Thus, it was not so much that Sridevi was fading when Madhuri came upon the scene. On the contrary, she had ascended into realms so rarified — no longer pretty girl, but a chiffon-clad sophisticated woman — that she was out of reach for most filmmakers and later, a section of the audience.

Producer-director Manmohan Desai had said in an interview to Filmfare as early as in 1986: “With Nagina, Sridevi has shot out of the reach of most filmmakers. I can’t afford to cast her in an Amitabh starrer any more. It’s too risky a combination.” This was the same issue that had announced Madhuri Dixit as ‘The New Sensation.’

Then came Mr India (1987), Chandni and ChaalBaaz (1989), placing Sridevi further up above the world so high.

Chandni had Sridevi as the picture of chiffon-clad sophistication.  Chandni had Sridevi as the picture of chiffon-clad sophistication. (Photo: YouTube/screengrab)

By now, she had become quite categorical about her demands. She reportedly rejected movies because they were multi-starrers, because her role was not meaty enough, or because she had worked opposite the male lead far too many times. She once said about Amitabh Bachchan, “I have never said I won’t work with Amitji. But then what’s there for any artiste to do in a film starring him? He does everything himself.”

Sridevi might have been right in her stand — after all, she had worked hard to earn the place she now occupied. But then, two things happened to shake her utter domination of the industry.

Towards the end of 1988, Tezaab happened, making a nation’s heartbeat go ‘Ek Do Teen’.

With Ek Do Teen, Madhuri had just begun counting her successes.  With Ek Do Teen, Madhuri had just begun counting her successes.  (Photo: YouTube/screengrab)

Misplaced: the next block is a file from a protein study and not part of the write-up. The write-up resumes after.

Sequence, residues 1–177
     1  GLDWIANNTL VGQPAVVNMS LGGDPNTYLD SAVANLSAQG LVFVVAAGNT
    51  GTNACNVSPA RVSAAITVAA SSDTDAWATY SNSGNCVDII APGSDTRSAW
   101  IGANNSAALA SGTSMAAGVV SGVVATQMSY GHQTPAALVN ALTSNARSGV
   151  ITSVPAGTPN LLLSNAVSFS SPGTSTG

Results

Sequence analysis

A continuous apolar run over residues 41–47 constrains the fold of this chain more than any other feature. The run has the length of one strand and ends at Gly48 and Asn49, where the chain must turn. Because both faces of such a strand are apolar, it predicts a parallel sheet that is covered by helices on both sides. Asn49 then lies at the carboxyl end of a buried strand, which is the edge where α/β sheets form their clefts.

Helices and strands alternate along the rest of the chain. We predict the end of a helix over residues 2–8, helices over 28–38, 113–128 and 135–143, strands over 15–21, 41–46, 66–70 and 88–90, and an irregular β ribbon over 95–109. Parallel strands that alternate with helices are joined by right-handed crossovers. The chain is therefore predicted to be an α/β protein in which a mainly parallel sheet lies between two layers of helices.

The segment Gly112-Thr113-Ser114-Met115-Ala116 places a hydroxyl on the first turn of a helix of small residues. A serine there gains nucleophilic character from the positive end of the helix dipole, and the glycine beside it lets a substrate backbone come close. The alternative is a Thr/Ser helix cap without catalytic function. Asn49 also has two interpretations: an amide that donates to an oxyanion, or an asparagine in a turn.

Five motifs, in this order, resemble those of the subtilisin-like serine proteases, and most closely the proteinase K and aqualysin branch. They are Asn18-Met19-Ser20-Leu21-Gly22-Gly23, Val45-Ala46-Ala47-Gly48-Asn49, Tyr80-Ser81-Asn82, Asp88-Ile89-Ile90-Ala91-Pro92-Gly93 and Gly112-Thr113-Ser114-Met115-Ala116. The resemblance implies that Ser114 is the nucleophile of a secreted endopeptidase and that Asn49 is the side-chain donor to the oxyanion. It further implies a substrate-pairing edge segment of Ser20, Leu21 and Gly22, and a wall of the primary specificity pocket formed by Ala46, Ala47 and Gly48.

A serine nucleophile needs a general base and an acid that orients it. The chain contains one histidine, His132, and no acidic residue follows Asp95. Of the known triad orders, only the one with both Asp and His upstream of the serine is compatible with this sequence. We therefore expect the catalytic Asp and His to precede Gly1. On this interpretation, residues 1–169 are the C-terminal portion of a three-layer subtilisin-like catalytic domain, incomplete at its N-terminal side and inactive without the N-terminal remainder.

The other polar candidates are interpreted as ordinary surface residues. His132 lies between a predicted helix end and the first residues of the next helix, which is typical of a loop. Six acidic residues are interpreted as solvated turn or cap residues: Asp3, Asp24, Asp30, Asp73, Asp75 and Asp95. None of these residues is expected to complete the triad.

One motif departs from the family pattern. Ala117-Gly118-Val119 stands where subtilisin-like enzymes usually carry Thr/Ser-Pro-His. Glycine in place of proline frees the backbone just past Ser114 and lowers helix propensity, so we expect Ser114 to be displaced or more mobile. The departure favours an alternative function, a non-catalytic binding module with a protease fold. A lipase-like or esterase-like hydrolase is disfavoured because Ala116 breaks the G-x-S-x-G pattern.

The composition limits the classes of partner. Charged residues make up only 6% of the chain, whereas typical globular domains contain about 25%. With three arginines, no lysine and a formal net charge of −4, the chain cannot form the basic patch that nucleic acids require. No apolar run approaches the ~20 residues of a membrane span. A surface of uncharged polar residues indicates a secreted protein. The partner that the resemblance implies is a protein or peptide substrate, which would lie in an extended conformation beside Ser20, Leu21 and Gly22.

And by the turn of the ‘90s, Bollywood went all-out on teenage romance. Thus, where a Madhuri could star in Dil opposite Amir Khan, Sridevi could obviously not play a college girl anymore.   

Madhuri learnt what not to do from Sridevi well. Where Sridevi would not climb down on her price rate or role specifications, Madhuri was flexible. On the sets, she was approachable and did not have too many demands or tantrums.

As the 1993 India Today article says: “…in contrast to Sridevi’s imperious and aloof image, Madhuri's reputation in the industry has considerably enhanced her value. People who have worked with her vouch that she is hardworking and professional.”

However, the two actresses were gracious enough to never have an open fight. The only anecdote where Sridevi appears to have made public her insecurities about Madhuri is when she allegedly accused choreographer Saroj Khan of giving better steps to Madhuri’s songs.

Years later, Madhuri and Sridevi remain the only two actresses to have launched successful second innings. And now, with Madhuri stepping into Sridevi’s shoes with Kalank, the wheel seems to have come full circle.

Also read: Ajay Devgn: Bollywood's man for all roles